Tech – for Everyone

Tech Tips and Tricks & Advice – written in plain English.

What is a “Virtual Machine”?*

Yesterday’s article brought up the topic of VM’s (virtual machines). The following article was one of my early Tech – for Everyone efforts, and while it references XP frequently (the main OS of the day), required only slight updating. I hope you will enjoy it.

One of the hot topics in the IT industry is virtualization ¹. Basically what this is, is software that creates an environment — on an existing PC — into which you can install (and run) another operating system [OS]; in short, running a PC on top of your PC.. which gives you two PCs. This “on top of” machine is called a “virtual machine“.

Tip of the day: Get more out of your PC by using a virtual environment.
(I must take a moment to state that it is the power of the newer generations of PCs that allow us to take advantage of machine virtualization. VM “shares” resources (CPU, RAM) with the existing install… so if you’re barely clunking along as it is, forget about VMs and click here to read my article(s) on when it’s time for a new machine.)

How can this benefit you? One of the main advantages is when you are thinking about a dual-boot install, or would like to do away with an existing dual-boot set up — say, for security reasons. Instead of partitioning your hard drive, and using FAT32 to run (boot to) either Windows 98 or XP, format your drive in NTFS, install XP/Vista/Win7, and run 98 inside the virtual environment. (I am using Windows 98 as an example. You may want to run a Linux distro, and learn about Open Source. The fact is you can run any OS that you have a license for [I believe. I have not tried to load every OS personally…])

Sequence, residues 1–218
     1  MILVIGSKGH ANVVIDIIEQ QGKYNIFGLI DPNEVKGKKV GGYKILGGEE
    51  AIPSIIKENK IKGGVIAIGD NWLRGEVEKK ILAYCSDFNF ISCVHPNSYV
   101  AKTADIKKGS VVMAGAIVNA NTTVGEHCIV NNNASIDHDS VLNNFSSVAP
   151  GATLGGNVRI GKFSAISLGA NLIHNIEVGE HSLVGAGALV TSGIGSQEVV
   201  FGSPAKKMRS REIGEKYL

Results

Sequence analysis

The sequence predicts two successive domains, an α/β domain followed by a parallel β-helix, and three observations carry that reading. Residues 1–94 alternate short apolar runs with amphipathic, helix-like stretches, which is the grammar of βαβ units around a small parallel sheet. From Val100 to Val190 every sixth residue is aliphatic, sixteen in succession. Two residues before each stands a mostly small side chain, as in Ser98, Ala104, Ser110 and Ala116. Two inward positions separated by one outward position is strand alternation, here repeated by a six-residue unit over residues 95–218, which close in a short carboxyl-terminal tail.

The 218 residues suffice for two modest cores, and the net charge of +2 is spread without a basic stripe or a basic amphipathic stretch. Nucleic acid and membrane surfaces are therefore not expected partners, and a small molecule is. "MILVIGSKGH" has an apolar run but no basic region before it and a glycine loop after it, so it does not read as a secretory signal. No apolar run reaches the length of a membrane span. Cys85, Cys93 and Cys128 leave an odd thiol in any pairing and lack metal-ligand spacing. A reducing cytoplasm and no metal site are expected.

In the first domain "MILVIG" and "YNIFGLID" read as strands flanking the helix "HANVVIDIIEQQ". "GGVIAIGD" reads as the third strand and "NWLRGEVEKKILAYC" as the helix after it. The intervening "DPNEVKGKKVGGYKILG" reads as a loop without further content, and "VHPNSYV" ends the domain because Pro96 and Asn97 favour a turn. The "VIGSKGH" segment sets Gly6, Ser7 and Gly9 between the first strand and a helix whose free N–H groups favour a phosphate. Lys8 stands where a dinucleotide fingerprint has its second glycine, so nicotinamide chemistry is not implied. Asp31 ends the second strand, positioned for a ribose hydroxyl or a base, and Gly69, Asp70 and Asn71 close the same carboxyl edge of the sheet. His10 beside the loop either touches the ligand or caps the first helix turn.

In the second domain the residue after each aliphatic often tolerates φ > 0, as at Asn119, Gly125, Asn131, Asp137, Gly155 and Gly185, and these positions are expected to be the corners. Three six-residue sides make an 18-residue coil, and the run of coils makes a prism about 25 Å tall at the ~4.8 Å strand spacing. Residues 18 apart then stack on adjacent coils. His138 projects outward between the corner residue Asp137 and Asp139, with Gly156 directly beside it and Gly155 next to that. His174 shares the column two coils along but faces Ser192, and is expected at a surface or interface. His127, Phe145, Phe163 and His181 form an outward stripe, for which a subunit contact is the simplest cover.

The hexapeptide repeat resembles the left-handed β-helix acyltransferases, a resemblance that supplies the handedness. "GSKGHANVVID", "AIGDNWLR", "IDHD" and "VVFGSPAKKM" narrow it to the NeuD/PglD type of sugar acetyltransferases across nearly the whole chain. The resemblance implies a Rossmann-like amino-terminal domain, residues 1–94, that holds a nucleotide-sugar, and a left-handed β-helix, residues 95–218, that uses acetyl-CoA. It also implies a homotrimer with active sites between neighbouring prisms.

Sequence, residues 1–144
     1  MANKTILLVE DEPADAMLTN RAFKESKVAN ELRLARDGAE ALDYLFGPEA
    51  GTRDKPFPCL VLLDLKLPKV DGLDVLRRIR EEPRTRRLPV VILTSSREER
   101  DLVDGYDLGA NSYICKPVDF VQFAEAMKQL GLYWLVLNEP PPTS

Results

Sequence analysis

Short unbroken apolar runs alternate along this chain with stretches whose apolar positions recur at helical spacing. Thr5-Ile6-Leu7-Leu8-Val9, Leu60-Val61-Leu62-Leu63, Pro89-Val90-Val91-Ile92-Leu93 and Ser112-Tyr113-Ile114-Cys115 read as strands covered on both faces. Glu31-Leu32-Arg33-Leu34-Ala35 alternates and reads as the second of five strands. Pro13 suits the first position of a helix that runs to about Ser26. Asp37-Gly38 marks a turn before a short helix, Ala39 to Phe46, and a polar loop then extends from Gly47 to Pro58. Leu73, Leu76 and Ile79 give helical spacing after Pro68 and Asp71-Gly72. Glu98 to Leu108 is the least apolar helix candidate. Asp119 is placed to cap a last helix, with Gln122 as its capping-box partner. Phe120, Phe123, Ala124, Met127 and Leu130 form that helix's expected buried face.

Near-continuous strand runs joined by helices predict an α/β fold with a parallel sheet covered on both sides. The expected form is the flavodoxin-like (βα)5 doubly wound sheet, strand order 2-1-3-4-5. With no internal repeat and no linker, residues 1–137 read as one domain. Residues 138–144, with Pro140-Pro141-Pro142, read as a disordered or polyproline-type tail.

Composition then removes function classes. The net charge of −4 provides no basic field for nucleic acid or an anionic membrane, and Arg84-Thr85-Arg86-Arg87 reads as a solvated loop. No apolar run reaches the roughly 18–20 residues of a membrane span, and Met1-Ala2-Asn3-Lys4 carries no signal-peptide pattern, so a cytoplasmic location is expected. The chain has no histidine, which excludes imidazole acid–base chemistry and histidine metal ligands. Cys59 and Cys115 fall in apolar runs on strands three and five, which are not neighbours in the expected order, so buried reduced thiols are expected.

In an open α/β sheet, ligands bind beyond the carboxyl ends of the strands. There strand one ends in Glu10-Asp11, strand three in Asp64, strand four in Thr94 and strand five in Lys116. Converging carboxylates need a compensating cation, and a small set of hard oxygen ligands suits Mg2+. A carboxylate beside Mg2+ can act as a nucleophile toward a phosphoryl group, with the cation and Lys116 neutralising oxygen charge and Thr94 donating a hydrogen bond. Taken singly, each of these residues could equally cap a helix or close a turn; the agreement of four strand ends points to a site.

If you do this, and create a shared folder for the VM on your ‘base OS’, you will be able to switch back and forth between the two and share files with both OS’s.

Another advantage of using a VM is, it loads much like “mounting” a disk image. You can make multiple ’snapshots’ of your VM, and load the one of your choosing. This is an absolutely fantastic method for dealing with security issues. I know several geeks who run an XP VM on their XP machine– they use the VM version for their daily surfing and usage, and as a “sandbox” for testing downloaded programs and patches/Updates. At the end of the day, they just close the VM, and when they open it again (unless they take a ’snapshot’ and Save those changes to the VM) their pristine VM loads: no browsing history, no spyware, no trace of yesterday’s activity… just a brand-new XP machine.